Fuel is injected during the intake stroke.
This mode of operation is similar to port-injection in that air and fuel are mixed homogeneously to achieve a stoichiometric ratio, albeit with some important differences:
There is no mixing of air and fuel across the intake valve.
In vanilla GDI setups, the fuel is injected directly into the combustion chamber. Consequently, the intake valve does not play a role in the mixing of air and fuel.
(In fact, some manufacturers have found GDI engines suffering carbon build-up problems on the intake valves due to the lack of fuel hitting the backs of the valves)
There is much less time for the mixing to take place.
With port-injection, fuel can be injected throughout 720° crankshaft rotation.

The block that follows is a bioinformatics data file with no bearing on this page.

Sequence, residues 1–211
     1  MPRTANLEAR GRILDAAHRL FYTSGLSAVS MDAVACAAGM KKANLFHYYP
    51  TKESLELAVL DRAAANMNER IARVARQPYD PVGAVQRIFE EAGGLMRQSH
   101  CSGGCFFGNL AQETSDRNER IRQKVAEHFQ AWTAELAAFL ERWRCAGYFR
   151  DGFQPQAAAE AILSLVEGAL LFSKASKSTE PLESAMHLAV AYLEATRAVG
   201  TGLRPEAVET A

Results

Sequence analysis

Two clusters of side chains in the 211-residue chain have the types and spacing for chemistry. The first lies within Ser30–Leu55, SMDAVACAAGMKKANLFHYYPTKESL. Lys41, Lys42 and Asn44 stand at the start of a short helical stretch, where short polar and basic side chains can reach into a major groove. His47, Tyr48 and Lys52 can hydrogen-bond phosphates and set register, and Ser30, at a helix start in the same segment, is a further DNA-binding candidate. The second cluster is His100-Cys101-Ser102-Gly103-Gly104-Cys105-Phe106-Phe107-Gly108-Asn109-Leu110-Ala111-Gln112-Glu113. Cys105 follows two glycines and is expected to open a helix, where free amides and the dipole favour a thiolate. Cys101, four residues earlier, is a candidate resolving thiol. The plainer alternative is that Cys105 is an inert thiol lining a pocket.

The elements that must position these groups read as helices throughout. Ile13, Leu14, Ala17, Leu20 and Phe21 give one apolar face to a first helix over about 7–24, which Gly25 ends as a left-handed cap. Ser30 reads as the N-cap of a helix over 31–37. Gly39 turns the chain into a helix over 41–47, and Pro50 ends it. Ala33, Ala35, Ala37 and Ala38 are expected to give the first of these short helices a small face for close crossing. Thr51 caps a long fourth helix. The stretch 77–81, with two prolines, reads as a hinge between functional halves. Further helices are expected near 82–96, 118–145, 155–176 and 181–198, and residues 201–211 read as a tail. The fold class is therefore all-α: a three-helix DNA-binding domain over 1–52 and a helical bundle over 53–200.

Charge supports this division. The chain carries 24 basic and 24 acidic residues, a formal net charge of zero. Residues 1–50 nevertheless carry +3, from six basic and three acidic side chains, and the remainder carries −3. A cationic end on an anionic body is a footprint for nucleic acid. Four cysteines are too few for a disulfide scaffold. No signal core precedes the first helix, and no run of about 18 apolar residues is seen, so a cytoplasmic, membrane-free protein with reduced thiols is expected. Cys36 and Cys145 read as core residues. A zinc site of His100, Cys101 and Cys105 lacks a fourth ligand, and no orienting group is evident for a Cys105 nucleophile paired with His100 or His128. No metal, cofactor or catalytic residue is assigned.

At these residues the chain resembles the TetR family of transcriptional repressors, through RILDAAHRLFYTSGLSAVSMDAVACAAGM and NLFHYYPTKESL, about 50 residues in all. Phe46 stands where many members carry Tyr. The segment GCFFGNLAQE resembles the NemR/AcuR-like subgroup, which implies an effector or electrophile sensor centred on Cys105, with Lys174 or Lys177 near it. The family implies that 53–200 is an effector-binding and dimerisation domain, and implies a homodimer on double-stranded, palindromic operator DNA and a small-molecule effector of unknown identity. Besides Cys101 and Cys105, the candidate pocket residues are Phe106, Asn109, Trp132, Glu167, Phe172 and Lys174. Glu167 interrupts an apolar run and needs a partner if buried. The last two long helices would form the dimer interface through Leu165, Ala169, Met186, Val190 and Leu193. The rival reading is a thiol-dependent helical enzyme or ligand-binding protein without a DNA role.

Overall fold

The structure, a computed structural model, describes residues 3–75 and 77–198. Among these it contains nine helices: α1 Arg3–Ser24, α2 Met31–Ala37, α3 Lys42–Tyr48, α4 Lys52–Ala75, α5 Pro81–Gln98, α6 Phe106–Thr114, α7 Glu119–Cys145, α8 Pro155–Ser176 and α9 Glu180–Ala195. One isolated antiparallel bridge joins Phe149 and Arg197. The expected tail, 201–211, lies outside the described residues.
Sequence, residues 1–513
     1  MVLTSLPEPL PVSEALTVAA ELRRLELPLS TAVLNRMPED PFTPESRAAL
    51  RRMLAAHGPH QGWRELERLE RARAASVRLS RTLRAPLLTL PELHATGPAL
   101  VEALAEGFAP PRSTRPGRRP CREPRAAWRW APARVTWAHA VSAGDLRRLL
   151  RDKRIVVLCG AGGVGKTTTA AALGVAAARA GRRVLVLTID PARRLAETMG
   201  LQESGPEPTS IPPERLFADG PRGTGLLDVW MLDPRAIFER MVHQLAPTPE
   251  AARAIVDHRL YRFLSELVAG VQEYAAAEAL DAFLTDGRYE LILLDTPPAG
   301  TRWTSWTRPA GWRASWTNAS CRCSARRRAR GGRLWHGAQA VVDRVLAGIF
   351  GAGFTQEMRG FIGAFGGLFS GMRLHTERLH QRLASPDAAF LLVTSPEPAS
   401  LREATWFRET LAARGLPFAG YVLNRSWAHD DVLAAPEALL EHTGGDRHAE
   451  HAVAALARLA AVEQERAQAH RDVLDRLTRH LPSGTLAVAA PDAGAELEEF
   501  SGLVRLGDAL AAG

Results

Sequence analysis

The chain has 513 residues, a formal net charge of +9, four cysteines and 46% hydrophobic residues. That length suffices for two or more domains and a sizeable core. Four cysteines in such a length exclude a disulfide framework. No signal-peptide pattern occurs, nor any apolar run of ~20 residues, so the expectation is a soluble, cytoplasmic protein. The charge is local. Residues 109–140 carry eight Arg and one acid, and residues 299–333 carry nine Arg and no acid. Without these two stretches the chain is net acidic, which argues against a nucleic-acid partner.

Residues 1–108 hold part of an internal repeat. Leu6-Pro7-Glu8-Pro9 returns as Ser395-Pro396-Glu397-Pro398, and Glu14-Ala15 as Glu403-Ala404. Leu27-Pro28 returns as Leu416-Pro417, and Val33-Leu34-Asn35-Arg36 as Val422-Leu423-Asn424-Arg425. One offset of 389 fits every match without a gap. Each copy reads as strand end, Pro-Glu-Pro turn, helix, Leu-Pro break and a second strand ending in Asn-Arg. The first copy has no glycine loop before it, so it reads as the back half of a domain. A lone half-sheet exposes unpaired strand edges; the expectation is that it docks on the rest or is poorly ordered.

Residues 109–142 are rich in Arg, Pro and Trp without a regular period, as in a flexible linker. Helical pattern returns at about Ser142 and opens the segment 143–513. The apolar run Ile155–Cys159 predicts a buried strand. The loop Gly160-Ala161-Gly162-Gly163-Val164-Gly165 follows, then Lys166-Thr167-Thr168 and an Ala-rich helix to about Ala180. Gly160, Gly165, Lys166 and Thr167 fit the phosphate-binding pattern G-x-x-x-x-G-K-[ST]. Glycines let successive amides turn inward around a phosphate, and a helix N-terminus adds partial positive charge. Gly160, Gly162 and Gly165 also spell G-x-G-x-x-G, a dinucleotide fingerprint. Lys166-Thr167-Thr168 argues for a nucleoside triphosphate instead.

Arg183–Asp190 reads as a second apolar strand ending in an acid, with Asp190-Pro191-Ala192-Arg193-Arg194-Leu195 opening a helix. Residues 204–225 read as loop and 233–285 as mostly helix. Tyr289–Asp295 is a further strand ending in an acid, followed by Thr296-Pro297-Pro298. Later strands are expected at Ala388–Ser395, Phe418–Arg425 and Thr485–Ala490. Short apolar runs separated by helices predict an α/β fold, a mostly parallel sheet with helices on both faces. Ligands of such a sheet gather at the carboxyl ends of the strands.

GDI demands a much narrower injection window (180° crankshaft rotation - induction stroke only).
Fuel pressure is much, much higher
The narrower injection window demands this in order to deliver the required amount of fuel in less time. This brings an additional benefit of increased combustion chamber turbulence, which helps to promote more complete air-fuel mixing.
Fuel is injected during the compression stroke.
In many ways, this operating mode goes against the grain of common thinking.
Rather than focus on getting a thoroughly-mixed, uniform air-fuel mixture, the idea here is to get just a fraction of the intake air to interact with the fuel around the spark plug.
By stratifying the charge, the ignition timing can also be delayed.
There are a couple of benefits:
Less risk of engine knock
The excess air surrounding the air-fuel charge ("stratified" charge) helps to cool down the combustion chamber, reducing the likelihood of knocking, enabling higher compression ratio.
This mode allows the engine to sip fuel. It allows for delayed spark ignition without the risk of engine knock, which results in higher torque for a given amount of fuel.
This mode of operation is ideal for part-throttle conditions, such as when cruising at steady-speeds.